|Environmental Factors – A scale’s accuracy and precision are highly dependent on the environment in which it is installed. Several environmental factors can affect the scales measurement including:
Zero Error – Occurs when the weighing curve shifts by a constant amount. For the most part, you can avoid this error by using the re-zero function before performing a weighing.
Sensitivity Error – Quotient of the change in an indication of a measuring system and the corresponding change in a value of a quantity being measured. Sensitivity of a measuring system can depend on the value of a quantity being measured increasing linearly with heavier loads. Sensitivity errors can occur from temperature drift, aging, adjusting with an incorrect calibration weight, or incorrect compensation of an off-center load error.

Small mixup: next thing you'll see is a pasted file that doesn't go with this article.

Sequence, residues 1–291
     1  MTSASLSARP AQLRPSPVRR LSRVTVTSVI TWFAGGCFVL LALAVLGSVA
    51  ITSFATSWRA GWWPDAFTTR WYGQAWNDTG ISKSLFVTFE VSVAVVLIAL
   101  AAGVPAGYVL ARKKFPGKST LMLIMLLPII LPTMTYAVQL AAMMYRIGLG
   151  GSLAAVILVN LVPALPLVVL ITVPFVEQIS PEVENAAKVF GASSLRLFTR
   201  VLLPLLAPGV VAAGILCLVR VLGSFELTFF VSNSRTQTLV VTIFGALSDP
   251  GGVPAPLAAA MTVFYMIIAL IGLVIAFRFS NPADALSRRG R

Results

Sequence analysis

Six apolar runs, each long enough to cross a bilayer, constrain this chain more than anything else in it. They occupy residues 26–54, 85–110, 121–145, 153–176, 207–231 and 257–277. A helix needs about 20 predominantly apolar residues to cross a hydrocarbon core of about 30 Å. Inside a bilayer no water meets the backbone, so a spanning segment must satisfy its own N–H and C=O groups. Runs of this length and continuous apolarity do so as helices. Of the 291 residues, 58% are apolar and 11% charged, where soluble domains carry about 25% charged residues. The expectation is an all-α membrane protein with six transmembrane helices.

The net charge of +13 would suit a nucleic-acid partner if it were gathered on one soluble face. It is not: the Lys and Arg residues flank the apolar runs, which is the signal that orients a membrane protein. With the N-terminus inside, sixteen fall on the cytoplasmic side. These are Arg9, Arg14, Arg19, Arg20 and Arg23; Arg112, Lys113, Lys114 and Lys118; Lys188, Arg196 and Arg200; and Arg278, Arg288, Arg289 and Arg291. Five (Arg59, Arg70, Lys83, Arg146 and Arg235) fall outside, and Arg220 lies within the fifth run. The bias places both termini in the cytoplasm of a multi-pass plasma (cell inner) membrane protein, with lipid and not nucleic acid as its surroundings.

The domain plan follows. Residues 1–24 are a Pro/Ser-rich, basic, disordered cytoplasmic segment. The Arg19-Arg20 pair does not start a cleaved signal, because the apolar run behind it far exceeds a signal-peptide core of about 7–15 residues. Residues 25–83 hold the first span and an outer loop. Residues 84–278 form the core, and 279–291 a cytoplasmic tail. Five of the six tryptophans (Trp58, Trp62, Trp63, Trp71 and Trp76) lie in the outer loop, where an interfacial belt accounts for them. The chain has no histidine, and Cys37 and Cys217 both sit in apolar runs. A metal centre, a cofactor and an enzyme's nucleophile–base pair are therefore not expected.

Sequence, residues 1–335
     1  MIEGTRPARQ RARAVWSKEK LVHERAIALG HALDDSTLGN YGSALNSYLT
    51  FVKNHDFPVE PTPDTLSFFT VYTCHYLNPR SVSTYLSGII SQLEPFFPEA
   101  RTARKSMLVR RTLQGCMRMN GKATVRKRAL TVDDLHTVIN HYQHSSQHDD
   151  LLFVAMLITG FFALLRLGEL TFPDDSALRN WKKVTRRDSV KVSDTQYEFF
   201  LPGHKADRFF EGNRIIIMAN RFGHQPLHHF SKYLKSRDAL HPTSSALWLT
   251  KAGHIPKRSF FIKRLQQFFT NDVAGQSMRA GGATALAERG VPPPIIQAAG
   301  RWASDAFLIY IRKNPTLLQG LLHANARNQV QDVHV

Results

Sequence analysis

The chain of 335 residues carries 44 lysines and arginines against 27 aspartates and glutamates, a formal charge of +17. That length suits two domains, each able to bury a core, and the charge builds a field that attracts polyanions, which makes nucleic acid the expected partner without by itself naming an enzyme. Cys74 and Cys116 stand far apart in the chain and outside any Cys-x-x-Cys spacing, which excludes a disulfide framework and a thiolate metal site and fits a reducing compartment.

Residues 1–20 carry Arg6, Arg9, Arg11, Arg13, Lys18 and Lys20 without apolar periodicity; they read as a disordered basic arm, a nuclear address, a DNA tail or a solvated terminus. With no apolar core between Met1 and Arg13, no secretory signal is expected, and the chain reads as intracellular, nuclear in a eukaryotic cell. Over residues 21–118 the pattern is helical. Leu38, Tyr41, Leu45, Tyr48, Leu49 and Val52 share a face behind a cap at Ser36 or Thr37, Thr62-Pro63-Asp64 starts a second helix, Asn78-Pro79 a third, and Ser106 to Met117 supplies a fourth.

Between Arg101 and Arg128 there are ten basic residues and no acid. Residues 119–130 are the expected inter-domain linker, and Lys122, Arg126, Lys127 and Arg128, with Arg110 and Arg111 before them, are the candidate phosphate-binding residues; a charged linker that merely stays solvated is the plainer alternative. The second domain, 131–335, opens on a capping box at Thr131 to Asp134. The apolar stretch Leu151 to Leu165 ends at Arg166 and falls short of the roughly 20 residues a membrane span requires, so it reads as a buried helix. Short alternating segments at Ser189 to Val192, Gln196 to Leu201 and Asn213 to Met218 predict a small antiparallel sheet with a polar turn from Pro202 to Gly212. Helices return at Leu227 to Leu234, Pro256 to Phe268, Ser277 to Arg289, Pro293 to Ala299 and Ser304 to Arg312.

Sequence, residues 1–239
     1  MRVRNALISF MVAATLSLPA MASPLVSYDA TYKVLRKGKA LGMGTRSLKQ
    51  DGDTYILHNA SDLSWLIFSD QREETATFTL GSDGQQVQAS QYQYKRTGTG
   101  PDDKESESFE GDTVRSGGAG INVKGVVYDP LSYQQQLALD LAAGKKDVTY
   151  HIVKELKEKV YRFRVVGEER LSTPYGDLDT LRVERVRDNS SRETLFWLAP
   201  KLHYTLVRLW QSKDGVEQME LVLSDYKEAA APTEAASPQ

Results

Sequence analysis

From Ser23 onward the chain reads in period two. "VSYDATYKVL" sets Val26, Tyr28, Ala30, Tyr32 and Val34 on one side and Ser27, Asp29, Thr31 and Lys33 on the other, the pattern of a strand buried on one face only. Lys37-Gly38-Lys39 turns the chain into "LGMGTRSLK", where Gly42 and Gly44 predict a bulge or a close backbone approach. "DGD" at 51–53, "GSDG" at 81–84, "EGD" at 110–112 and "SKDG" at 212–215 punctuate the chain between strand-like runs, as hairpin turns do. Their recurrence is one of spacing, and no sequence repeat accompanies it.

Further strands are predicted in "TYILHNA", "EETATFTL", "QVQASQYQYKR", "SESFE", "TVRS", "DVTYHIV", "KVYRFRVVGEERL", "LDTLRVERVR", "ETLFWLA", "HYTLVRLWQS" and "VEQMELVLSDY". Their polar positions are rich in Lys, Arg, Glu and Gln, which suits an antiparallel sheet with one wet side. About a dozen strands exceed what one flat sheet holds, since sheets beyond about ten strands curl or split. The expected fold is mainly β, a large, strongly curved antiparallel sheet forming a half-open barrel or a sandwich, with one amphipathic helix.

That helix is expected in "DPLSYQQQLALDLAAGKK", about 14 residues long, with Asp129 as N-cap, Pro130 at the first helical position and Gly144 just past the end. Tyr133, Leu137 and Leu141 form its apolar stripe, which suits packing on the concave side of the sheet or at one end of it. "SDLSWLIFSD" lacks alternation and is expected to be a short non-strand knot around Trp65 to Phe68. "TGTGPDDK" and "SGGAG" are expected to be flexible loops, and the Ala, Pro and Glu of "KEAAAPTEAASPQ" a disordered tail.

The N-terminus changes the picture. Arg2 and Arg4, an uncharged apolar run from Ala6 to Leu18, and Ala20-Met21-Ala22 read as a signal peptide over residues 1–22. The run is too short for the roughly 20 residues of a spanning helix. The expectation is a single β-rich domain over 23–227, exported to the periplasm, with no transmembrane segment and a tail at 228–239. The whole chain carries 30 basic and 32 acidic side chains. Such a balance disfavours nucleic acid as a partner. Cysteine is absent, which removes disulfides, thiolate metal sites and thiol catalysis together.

Linearity – This is the ability of a scale’s characteristic curve to approximate a straight line. Linearity can be tested by weighing several test weights of increasing value up to maximum capacity and plotting them as points in a graph. The linearity would be the maximum amount that the points deviate from a straight line going from zero to max capacity.
Random Error – The sample standard deviation of the error (indicated values) for a number of consecutive automatic weighings of a load, or loads, passed over the load receptor, shall be expressed mathematically as: